While there has been a long-standing narrative promoted for over 70 years that the British Empire disappeared after World War II having been replaced by the “American Empire”, it is the furthest thing from the truth. Henry Kissinger’s takeover of the State Department ushered in a new era of British occupation of American foreign policy, whereby the republic increasingly became the “Dumb Giant” acting as “American Brawn for the British brains” using Churchill’s words. The policy of Anglo-Saxon imperialism had been promoted subversively by British-run think tanks known as the Round Table Movement and Fabian Society, and the seeds had already been laid for the anti-Russian cold war by those British-run American fascists. While a nihilistic generation of youth were tuning in on LSD, and an old guard of patriots surrounding Wallace and Kennedy had fallen to the “red scare” witch hunt, geopolitical theory was fed like a sweet poison down the throat of a sleeping nation, replacing a policy of peace and “win-win cooperation” with an imperial clone masquerading as a republic.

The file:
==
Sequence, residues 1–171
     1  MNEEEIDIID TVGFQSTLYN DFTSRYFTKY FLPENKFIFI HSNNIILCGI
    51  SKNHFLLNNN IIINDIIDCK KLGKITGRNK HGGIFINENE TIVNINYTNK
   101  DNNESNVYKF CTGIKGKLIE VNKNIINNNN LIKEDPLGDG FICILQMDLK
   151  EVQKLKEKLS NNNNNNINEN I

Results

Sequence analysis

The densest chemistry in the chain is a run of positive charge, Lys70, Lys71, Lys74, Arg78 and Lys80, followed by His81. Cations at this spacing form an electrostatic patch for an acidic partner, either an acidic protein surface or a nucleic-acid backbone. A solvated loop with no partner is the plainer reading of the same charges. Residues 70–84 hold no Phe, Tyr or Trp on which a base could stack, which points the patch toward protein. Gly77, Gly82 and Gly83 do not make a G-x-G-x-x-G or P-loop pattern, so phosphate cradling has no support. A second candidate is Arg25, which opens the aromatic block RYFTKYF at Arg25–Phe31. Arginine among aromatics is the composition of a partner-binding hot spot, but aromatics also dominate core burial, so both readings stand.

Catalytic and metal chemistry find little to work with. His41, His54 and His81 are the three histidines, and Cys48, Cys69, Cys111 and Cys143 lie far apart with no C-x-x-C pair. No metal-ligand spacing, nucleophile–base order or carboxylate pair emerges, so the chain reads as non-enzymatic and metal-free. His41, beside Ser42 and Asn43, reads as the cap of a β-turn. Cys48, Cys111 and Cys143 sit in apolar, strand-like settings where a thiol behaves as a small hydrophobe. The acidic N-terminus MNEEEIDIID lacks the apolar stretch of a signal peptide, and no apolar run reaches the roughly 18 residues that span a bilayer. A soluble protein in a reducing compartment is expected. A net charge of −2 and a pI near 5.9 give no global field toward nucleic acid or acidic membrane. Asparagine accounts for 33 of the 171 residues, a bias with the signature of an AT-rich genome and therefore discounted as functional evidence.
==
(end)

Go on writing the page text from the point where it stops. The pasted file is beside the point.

The United Kingdom is isolating the “inconvenient ones”: it is ok to lie when all the like-minded ones stand up and lie in chorus, without those who will tell the truth. It is easier not to let Russia Today and Sputnik in, so they don’t ask the wrong questions. The fashion for Russophobia is still very much alive. They are in a state of panic that someone will ask the wrong questions.
In reality, Russia's RT and Sputnik news agencies have been banned from attending a conference on media freedom in London for playing an "active role in spreading disinformation". “We have not accredited RT or Sputnik because of their active role in spreading disinformation,” Foreign Office spokeswoman said. “While it’s not possible to accommodate all requests for accreditation, journalists from across the world’s media are attending the conference, including from Russia”, spokeswoman added. One of the Russian journalists present at the event was Galina Timchenko, founder and CEO of Meduza Russia Latvia. In 2019, the British media regulator, Ofcom, found that RT (Russia Today) had been in “serious failure of compliance” with the rules of “due impartiality” in a total of seven cases. The media watchdog concluded that in seven of the ten cases under review, RT has violated Ofcoms standards. Back then, Ofcom also made it clear that it would “consider these breaches for sanction.”